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Anatomy of the abdominal viscera: Esophagus and stomach


Anatomy of the abdominal viscera: Esophagus and stomach

Figure 1: Muscular layers of esophagus. A. Circular and longitudinal layers. B. Type of muscle found throughout the esophagus.

Figure 2: A. Abdominal portion of the esophagus B. Natural constrictions of the esophagus. 

Figure 3: Arterial supply of the esophagus. 

Figure 4: Venous drainage of the esophagus. 

Figure 5: Lymphatic drainage of the esophagus. 

Figure 6: Sympathetic and parasympathetic innervation of the esophagus. 

Figure 7: A. Parts of the stomach B. Muscular layers of stomach. C. Longitudinal section of stomach (anterior wall removed) revealing gastric mucosa. 

Figure 8: Arterial supply of stomach. 

Figure 9: Venous drainage of the stomach. 

Figure 10: Lymphatic drainage of the stomach. 

Figure 11: Schematic illustration of the sympathetic and parasympathetic innervation of the stomach. 



Osmosis knows that anatomy can be overwhelming, but hopefully this video on the esophagus and stomach can make it a bit easier, so let's begin “digesting” this content together! The esophagus and the stomach are part of the upper digestive tract and are involved in the first phases of digestion. We are going to use the pizza we ate for dinner last night as an example to help us explore the pathway of the esophagus and stomach.

Now, let’s start with the esophagus, which is a muscular tube that carries food from the pharynx to the stomach. We can think about the esophagus as a subway that our food travels in between these two structures. After the pizza we ate has been chewed and swallowed, the muscles of the esophagus help propel the bolus towards the stomach in a wave-like motion called peristalsis.

The esophagus is made up of two muscular layers: an internal circular layer and an external longitudinal layer. In its proximal or superior third, the external layer consists of striated skeletal muscle, which is under voluntary control, while its distal or inferior third is made up of smooth muscle, which is under involuntary control.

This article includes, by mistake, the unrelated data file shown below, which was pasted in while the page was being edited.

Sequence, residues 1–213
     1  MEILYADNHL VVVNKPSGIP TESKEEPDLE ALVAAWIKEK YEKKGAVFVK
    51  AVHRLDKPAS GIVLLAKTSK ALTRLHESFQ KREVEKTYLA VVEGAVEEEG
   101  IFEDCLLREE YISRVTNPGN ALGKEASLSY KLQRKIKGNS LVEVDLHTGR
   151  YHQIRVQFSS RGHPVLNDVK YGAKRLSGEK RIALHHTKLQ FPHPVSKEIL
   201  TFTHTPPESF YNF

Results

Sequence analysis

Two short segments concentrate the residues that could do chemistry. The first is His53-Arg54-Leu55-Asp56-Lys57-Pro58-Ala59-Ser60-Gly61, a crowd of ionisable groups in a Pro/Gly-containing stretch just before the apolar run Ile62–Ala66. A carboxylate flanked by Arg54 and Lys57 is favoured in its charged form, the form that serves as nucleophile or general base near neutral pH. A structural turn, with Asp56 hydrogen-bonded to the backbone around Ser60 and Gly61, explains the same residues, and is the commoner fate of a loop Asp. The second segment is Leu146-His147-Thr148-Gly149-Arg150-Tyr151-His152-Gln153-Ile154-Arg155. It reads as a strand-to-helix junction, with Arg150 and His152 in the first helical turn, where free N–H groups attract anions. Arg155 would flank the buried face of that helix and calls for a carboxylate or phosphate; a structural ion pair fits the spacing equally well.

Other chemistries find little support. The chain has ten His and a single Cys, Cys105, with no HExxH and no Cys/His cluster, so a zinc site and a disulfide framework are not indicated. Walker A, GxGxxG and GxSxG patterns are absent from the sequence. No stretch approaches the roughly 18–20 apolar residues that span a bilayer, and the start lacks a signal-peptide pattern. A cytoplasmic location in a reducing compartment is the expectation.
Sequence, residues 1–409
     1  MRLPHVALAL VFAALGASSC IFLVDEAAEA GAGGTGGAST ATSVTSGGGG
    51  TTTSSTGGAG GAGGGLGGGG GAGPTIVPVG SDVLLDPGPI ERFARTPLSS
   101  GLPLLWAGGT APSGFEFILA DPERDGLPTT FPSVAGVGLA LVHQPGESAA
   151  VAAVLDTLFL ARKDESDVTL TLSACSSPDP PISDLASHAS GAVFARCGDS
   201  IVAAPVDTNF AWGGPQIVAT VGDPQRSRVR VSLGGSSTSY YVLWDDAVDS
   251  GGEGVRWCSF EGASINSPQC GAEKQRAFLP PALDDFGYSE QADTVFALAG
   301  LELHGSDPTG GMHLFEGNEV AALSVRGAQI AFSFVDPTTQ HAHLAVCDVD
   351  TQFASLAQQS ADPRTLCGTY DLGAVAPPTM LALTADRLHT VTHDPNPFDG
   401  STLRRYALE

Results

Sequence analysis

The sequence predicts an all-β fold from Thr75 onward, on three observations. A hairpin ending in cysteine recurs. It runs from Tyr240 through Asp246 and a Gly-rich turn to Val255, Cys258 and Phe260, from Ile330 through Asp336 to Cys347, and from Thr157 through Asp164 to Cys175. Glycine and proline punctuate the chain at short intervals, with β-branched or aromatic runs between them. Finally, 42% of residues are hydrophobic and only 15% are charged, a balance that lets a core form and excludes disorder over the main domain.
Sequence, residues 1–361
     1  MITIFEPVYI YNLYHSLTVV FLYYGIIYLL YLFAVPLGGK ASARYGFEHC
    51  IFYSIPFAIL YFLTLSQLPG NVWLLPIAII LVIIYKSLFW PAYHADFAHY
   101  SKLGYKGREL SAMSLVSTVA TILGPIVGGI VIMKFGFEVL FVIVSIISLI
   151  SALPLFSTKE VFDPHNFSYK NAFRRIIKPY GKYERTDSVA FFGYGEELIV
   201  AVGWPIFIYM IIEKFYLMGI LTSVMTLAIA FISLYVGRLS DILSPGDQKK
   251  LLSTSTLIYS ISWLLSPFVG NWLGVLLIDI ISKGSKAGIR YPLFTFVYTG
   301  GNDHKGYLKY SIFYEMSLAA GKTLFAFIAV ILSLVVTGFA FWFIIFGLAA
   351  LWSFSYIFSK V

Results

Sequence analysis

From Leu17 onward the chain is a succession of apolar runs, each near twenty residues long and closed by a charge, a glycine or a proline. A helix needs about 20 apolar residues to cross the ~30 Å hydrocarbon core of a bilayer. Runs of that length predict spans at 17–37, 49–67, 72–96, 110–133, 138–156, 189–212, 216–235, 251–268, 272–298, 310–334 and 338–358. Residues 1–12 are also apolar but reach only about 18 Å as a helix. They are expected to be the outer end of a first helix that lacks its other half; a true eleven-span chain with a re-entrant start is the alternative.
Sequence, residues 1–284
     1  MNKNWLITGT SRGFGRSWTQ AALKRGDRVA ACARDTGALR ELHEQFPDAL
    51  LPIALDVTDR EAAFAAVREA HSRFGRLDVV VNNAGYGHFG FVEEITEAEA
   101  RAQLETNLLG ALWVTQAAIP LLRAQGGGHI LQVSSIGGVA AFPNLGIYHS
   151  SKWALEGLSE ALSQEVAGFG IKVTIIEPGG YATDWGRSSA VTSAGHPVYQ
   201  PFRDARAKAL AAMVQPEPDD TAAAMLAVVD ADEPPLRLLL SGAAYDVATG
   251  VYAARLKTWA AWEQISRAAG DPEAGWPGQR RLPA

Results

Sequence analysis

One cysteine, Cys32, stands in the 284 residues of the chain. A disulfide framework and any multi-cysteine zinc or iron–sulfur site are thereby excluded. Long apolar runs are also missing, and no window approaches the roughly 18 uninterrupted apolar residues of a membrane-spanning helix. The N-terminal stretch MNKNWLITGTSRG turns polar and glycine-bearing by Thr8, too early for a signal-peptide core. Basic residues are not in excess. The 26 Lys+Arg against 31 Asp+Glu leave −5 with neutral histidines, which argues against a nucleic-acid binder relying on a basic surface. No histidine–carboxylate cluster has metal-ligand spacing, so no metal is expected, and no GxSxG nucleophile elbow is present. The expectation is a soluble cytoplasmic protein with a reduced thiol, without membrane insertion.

And as you’d expect, the middle third is a transitional segment that consists of a mix of both types of muscle. The esophagus follows the curve of the vertebral column as it descends through the neck and into the mediastinum.

Once it reaches the diaphragm, it passes through the esophageal hiatus, just to the left of the median plane at the level of the T10 vertebra, where it becomes the abdominal esophagus. The abdominal esophagus finishes its journey by becoming continuous with the stomach through the cardial orifice, which is surrounded by the cardiac sphincter.

It sits left of the midline at the level of the T11 vertebra and designates the esophagogastric junction, which is an important landmark where the mucosa abruptly changes from the stratified squamous epithelium of the esophagus to the simple columnar epithelium of the stomach.

The right border of the abdominal esophagus continues with the lesser curvature of the stomach, while its left border will eventually continue with the fundus of the stomach.

There are also important points along the length of the esophagus where there are natural constrictions. These constrictions of the esophagus are caused by four structures passing the esophagus as it descends in the cervical, thoracic and diaphragmatic regions.

Now, to better visualize the esophagus and these constrictions, a barium swallow study can be performed which uses an x-ray imaging technique called fluoroscopy. The cervical constriction, also known as the upper esophageal sphincter, is located at the pharyngoesophageal junction and is caused by the cricopharyngeus muscle.

The thoracic or the broncho-aortic constriction can occur at two points where the esophagus is first crossed by the arch of the aorta, and then where it’s crossed by the left main bronchus.

Lastly, the diaphragmatic constriction is where the esophagus passes through the esophageal hiatus of the diaphragm, with the diaphragm actually contributing to the lower esophageal sphincter. These esophageal constrictions are areas where food can potentially get stuck.